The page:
Synkinesis means “simultaneous movement.” Synkinesis occurs secondary to abnormal facial nerve regeneration after Bell’s palsy, or in instances where the facial nerve has been cut, like after trauma and sewn back together. The facial nerve fibers can implant into the different muscles in cases of Bell’s palsy.


Synkinesis, therefore, results in abnormal synchronization of facial movement where muscles, other than those intended, contract together during a particular movement pattern. Exemple of synkinesis: voluntary eye contraction such as blinking or brow lifting elicits an involuntary mouth movement, such as smiling, puckering, closing.

​Although I don’t deny the existence of synkinesis, which is the worst chronic symptoms of unrecovered Bell’s 

palsy cases, I want to make a point that synkinesis will generally occur when retraining several facial motion at once, like with most electrical stimulation units as the electrodes are too big generally and cover too many muscles at once.  
It is of the utmost importance if you are going to use electrical stimulation in the treatment of Bell’s Palsy that you use a type of E-stim that will allow only specific stimulation to one muscle…instead of using one that will create mass stimulation of half the face.  And I am only familiar with one type of E-stim that can specifically target one muscles.
My advice for anyone considering to work with a physical therapist to treat their Bell’s palsy is asked prior to treatment if they are familiar with the face muscles, synkinesis and the Port Muscle Stim- EMS-1C And Pulsed Current.

Having solved my Bell’s palsy in ten days and my patients healing 100% between 2 to 5 weeks, using a mix of massage, instrument assisted soft tissue mobilization,  facial muscle stretching,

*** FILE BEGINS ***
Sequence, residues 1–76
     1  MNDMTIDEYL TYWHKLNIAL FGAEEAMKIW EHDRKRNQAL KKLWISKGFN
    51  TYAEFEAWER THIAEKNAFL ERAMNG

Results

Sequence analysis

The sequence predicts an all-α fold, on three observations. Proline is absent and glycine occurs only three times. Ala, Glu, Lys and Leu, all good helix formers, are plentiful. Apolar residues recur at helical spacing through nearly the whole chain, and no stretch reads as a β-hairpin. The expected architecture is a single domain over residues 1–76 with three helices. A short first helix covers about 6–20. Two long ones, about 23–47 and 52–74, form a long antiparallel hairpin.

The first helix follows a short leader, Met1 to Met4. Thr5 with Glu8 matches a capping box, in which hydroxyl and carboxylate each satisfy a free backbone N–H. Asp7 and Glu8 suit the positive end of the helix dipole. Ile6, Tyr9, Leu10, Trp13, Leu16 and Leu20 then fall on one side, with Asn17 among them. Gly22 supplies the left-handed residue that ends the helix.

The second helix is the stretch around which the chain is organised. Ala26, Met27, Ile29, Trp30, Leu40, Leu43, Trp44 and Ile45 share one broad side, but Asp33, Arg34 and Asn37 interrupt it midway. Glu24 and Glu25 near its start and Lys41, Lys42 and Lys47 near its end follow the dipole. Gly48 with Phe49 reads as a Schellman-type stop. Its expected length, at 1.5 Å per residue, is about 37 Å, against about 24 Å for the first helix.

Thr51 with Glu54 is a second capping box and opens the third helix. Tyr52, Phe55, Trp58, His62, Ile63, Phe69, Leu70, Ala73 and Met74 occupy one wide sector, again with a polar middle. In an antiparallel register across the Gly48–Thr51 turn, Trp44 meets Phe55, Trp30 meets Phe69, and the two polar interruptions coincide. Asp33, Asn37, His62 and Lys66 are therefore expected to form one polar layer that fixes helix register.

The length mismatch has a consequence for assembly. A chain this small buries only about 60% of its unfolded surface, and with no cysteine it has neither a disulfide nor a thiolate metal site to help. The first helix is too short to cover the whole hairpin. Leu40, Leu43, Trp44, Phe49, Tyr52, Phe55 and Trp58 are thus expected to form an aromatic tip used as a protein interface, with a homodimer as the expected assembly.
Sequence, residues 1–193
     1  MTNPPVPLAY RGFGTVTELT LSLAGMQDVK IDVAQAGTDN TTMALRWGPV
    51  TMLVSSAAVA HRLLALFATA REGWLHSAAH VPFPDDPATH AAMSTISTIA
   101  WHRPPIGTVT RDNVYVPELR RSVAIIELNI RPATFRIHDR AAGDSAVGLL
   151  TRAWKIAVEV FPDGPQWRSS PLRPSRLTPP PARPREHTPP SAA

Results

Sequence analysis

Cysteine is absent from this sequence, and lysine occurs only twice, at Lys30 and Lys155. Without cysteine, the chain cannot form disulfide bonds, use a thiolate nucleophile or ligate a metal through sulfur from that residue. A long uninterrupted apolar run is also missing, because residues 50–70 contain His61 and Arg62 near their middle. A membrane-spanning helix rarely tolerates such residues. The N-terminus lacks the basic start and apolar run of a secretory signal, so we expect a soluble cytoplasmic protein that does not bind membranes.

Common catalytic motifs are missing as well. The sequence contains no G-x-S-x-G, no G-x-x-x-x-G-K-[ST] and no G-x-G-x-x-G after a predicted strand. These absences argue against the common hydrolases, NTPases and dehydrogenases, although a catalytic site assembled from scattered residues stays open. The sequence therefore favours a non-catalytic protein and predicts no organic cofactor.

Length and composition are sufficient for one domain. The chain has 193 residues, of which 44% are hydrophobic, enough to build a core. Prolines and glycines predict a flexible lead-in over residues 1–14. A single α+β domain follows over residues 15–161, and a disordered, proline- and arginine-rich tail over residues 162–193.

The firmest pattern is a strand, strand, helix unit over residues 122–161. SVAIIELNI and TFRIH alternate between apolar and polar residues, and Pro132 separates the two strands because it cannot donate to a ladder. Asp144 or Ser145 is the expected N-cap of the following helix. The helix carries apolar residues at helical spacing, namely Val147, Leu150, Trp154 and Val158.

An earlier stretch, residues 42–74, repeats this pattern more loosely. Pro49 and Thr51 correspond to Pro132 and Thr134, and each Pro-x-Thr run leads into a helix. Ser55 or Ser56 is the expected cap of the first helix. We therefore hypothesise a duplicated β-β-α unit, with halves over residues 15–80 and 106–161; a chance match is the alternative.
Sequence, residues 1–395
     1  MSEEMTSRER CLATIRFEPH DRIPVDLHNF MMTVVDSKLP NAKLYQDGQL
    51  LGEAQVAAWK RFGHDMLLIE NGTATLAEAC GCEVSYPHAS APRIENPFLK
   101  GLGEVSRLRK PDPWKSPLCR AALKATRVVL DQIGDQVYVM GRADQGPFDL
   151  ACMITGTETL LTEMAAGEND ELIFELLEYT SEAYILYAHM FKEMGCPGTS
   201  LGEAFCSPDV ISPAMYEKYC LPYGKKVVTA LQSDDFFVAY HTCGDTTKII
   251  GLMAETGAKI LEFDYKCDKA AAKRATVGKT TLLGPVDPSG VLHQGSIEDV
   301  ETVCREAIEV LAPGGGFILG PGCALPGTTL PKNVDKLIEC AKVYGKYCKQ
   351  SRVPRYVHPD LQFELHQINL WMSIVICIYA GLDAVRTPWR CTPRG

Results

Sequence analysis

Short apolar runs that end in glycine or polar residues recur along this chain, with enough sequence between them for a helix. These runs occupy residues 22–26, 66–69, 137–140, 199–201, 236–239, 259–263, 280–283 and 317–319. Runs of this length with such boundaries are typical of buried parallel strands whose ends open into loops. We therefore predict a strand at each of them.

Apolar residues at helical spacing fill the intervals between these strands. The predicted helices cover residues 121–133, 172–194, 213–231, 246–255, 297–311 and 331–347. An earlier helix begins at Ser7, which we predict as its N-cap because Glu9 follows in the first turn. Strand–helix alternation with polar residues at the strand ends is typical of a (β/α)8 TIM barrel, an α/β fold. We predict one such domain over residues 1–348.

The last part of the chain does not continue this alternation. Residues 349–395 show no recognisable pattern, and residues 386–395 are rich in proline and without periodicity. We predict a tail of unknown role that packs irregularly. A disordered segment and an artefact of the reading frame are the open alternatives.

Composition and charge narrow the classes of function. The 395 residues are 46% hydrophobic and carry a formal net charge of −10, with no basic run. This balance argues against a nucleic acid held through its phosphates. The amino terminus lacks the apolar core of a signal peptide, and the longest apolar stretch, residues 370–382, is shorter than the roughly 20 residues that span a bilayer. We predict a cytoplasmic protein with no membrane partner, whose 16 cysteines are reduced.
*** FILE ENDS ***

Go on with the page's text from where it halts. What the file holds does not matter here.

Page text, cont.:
strengthening and E-stim ( yes the correct one), I decided it was my duty to create a step by step guide to Bell’s palsy treatment.

After months of planning, writing, filming, video editing and online launching, I was able to create the The Bell’s palsy Tutorial: The Step-By-Step Online Guide To Recovery



My goal is to help as many people heal from Bell’s Palsy by empowering them with the appropriate knowledge of what they should be doing at home( or with the help of a physio) after they have been diagnosed with Bell’s Palsy by their physicians… in addition to compliance with their physicians recommended prescription.

I am proud to launch 

 The Bell’s palsy Tutorial: The Step-By-Step Online Guide To Recovery this week. It will be available on my website no matter where you live in the world.  It is over 90 minutes long with video chapters, illustrations, and treatment demonstrations, covering all aspect of the recovery. Click on the link below to see previews and a list of topics and questions I cover in it.

Don’t hesitate to contact me with your questions: pierre@butheauphysio.com
Butheau Physiotherapy
​15034 5th Ln S
Burien, WA 98148